Lenovo and ThinkSystem SR650 facing-left front 16HDDs
Some in technology say there are “lies, damned lies, then there are benchmarks”. I hear this typically from those who either don’t understand benchmarks or haven’t been working with them for decades. Don’t get me wrong, there is a lot of “benchmarketing” that goes on, but I’d hate to throw out the entire category of benchmarks as they serve an important purpose, which is to estimate the real-world performance of a system on a certain workload. If those benchmarks express real-world workloads, are repeatable, there’s transparency on what is being tested, how it’s being tested and weighted, I support it. As an aside, I have participated in many benchmark groups over 25 years and have used benchmarks to communicate my company’s products.
Server spike attributes vary widely in the industry
Server companies lean into different attributes to differentiate their wares. These attributes range from best performance, TCO, scalability, simplification, flexibility, security, price, workload optimization, reliability, and serviceability. Lenovo, for one, has spent a lot of time on performance the past 25 years that goes back to the IBM years. Last week Lenovo announced the company had scored an impressive collection of performance benchmarks on Intel’s Xeon Scalable processors, aka Purley, with its ThinkSystem line of servers. These benchmarks are a nice feather in Lenovo’s cap, giving the company the ability to boast best-in-class performance in a number of different areas. I wanted to go into a little more detail about the achievements, and offer my take on them.
Lenovo achieved 46 new world record benchmarks (while a previous 42 benchmarks were maintained), bringing Lenovo’s total of #1 world record claims up to an impressive 88. These benchmarks run the gamut, from 1S to 8S servers, with workloads ranging from Big Data, Web tier, Analytics to Virtualization.
These benchmarks were all set by ThinkSystem servers based on Intel’s Xeon Scalable Family of processors—the ThinkSystem SR950 and SR650 rack servers, the ThinkSystem SD530 dense server, the SR630 and SR 850 rack servers, and the SN550 blade server. The Intel Xeon Scalable processor boasts a new core that the company says is custom built for the diverse workload needs of the modern datacenter. It’s no wonder that Lenovo’s hardware is a good fit with Intel’s chips—the two companies have a long history of collaboration.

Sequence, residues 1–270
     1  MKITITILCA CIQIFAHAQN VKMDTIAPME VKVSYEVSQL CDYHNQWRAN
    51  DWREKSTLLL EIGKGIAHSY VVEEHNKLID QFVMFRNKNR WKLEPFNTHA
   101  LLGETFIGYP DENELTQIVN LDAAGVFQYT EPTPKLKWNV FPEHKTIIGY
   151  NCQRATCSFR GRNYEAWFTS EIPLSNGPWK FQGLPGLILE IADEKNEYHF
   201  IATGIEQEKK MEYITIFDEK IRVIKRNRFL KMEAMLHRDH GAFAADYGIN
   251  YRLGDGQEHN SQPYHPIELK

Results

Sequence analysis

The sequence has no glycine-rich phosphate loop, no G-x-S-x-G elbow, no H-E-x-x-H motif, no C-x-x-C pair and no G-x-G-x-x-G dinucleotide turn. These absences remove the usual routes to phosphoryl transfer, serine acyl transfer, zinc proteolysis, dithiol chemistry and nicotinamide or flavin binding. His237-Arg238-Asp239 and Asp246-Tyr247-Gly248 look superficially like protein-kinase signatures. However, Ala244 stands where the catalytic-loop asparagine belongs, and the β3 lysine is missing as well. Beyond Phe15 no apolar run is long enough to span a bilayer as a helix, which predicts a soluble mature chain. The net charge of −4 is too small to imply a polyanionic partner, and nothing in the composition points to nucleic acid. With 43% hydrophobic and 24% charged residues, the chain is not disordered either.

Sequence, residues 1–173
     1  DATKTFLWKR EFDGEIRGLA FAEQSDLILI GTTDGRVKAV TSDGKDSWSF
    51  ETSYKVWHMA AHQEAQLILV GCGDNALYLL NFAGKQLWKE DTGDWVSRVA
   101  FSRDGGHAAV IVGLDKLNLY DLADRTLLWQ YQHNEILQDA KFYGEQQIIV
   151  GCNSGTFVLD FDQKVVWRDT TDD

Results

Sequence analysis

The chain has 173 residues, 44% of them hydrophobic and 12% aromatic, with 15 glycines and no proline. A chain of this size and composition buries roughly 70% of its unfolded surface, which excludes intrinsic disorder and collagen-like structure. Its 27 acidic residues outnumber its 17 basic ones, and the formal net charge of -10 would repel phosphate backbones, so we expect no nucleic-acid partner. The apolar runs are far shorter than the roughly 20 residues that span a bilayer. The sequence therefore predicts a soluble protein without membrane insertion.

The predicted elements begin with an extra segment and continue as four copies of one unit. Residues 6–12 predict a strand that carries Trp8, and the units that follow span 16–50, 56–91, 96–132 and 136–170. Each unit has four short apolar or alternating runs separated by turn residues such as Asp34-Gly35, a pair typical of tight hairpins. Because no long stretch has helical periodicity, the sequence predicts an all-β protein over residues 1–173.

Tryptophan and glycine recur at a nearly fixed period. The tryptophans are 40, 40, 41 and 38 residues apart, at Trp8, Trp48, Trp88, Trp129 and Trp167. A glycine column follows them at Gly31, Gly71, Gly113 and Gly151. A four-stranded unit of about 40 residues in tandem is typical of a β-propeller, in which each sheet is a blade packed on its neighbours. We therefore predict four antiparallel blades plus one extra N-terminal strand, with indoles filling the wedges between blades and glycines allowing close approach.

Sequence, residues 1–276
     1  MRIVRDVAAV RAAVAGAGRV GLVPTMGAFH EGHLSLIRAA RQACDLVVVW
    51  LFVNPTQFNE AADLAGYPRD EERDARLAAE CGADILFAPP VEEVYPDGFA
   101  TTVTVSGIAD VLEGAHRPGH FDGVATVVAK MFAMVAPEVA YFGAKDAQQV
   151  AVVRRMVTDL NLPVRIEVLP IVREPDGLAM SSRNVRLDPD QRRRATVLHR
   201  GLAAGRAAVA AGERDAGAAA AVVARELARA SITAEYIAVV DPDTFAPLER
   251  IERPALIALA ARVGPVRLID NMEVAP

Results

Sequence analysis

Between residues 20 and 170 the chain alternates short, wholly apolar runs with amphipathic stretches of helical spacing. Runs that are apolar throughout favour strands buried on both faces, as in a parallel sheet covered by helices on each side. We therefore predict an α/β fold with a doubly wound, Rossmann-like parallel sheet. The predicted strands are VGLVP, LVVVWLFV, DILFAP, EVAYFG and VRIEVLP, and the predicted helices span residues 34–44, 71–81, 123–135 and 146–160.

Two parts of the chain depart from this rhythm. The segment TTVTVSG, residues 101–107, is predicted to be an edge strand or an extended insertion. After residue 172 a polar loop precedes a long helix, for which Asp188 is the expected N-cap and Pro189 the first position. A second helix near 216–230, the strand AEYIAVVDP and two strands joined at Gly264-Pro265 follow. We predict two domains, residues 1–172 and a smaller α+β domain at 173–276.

I’m not going to go into detail about every single one of the 88 records (for obvious reasons). For in-depth specifics, you can see Lenovo’s press release here
. These are also reinforced on Intel's benchmark site
. However, I would like to provide a brief overview.
Lenovo ThinkSystem servers now hold:
- 5 world records in business processing apps
- 8 world records in infrastructure virtualization apps
- 16 world records in general computing apps
- 3 world records in technical computing apps
- 19 world records in server-side Java apps
- 37 world records in big data analytics apps
While big data analytics is Lenovo’s bread and butter, it’s good to see the success spread out across different areas as well. All in all, Lenovo took home more than double the amount of benchmarks of its closest competitor—not too shabby at all. The gap is indicative of the overall lead Lenovo has achieved in data center performance, an achievement that the company is understandably proud of.
The magic blue crystals- XClarity Provision Manager and optimal hardware configurations
So how is it that Lenovo, who buys components from the same people as their competitors, do so well in performance benchmarks? What are their magic blue crystals? First and foremost, Lenovo invests an inordinate amount of time optimizing firmware, optimizing operating system settings and configuration settings to win the benchmarks. The settings portion are then simplified with "one-touch" using Lenovo XClarity Provision Manager where IT can choose the operating mode they want to run. I don’t consider that “rigging to win”, I see this as knowing how to max out the hardware and platform software. Lenovo wouldn’t share the specific with me as it’s "their IP". I might be skeptical if it weren’t that the combined IBM and Lenovo has been doing so well on these for 25 years. Let me know on Twitter or in the comments section if you think otherwise.
These performance accomplishments are certainly impressive in and of themselves, but at the end of the day, benchmarks are benchmarks. The practical, real-world value in this is what it means for current and potential customers and their end customers.
The workloads Lenovo predominately focuses on fit into five categories: applications, data management, application development, IT infrastructure, and web infrastructure. Reducing complexity for customers and increasing performance in all these areas could potentially translate to big enterprise savings (need less hardware), enterprise making more money (quicker time to information), and increased satisfaction for Lenovo customer’s customers through quicker or better results.
Benchmarks aren’t everything, but they are one very important attribute that goes into one enterprise considering one vendor over another. I think leaning into performance is smart for Lenovo, but it will an education to educate customers and channels how benchmarks relate to workloads and how that improved performance translates to real and tangible business results.